Editorial: Parsnips and pursed lips
The man who plonked a vibrator among the veges at Wanaka's New World supermarket told police he was "extremely remorseful and embarrassed".
It presumably seemed like a good idea at the time. Lots of things do.
This particular, um, plonker's path from larrikin to penitent opened up for him after police first publicised their stern displeasure at the case, then posted surveillance footage on their Facebook page.
Within 20 minutes he had contacted them.
Which was probably wise. His number was surely up.
It wasn't a manhunt, exactly, but community interest in the case was considerable, for one reason or another, and that footage would have been pored over assiduously indeed.
Had the perpetrator expected to be commended for his sense of fun, he would have been part-right. This was the sort of stunt that generates both broad grins and pursed lips, albeit in proportions we're not game to try to guess.
On the one hand, lots of people like a joke.
On the other, folk do tend to get testy when foreign objects pop up in their foodstuffs.
And they don't come a lot more foreign than this one.
Certainly it's potentially a lot less funny to anyone who might have bought and consumed any product that spent companionable time with the vibrator.
Mercifully, the good people at the market destroyed all products it may have touched and the jokester has offered to recompense them for that.
He was, we note, described as middle-aged. As opposed to mature.
Most of us understand that one person's joke is another person's offence. It's such a subjective issue that there do need to be tolerances for people's different sensibilities. Ideally, the laws of the land shouldn't be entirely forgotten, either.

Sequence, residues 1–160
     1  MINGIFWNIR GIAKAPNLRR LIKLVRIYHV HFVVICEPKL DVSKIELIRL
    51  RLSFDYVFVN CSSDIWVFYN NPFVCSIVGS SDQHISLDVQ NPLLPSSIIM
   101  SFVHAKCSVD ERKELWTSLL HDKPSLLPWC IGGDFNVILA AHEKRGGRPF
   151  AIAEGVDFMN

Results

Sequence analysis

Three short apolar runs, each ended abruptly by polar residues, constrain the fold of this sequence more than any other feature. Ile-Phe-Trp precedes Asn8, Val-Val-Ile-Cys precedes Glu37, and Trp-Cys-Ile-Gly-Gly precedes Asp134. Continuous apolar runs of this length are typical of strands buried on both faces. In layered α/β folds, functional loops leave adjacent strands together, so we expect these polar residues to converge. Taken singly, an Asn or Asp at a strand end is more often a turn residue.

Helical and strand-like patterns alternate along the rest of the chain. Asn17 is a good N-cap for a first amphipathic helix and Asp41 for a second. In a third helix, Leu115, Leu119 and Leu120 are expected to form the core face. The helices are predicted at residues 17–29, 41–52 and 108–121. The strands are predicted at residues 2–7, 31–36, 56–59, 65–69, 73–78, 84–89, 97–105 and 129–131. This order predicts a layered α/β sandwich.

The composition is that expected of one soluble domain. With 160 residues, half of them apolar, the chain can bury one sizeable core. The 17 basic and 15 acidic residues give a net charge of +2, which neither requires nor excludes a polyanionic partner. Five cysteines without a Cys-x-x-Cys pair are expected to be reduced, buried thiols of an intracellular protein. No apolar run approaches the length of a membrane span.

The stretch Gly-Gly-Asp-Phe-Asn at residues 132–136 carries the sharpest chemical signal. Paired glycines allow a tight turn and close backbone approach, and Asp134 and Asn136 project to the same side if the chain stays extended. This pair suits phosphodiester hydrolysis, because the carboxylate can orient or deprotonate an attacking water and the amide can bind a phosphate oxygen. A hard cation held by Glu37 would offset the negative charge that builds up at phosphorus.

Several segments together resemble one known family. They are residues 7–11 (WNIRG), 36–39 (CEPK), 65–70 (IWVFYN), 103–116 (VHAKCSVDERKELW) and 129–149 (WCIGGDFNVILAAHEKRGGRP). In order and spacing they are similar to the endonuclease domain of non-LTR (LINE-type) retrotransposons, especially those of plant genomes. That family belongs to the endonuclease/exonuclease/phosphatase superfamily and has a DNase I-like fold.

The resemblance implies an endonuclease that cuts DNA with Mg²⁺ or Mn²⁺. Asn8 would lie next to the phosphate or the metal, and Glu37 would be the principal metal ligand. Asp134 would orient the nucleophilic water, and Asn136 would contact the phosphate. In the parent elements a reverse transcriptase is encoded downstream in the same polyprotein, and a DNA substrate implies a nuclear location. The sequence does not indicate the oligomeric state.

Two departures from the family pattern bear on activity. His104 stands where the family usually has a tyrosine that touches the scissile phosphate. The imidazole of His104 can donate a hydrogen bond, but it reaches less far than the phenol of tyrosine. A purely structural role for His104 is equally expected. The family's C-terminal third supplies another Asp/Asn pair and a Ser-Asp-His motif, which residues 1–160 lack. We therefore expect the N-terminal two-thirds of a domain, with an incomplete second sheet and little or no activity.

It's one thing to say that you go too far at your peril. The tricky thing about it is that all too often "too far" is something that's a good deal easier to pick in hindsight.
A Christchurch bar was recently forced to pay $26,000 in compensation and lost wages to a female employee who quit after repeatedly being harassed by a manager known for his crude jokes and off-colour comments. Not a lot of people would have a default setting of sympathy for that jokester.
Certainly nobody was laughing in 2012 when a drunk Ngaruawahia man took exception to a practical joke by three friends who took off with his ride when he temporarily stepped out of it.
After searching with mounting frustration for the car, he walked home. When they showed up he attacked them with a meat cleaver, causing injuries so serious he was jailed for seven years.
He told police he'd felt disrespected.
This doesn't mean that nobody should ever pull a practical joke for fear that someone might react extravagantly, even violently.
But a sense of imagination doesn't go amiss. Particularly in this day and age when, with social media, decisions that are made on a whim can be permanently attached to our own reputations, and to other people's.
Worth bearing in mind before you succumb to the temptation to put a plastic protruberance amid other people's fruit and veg.
The Southland Times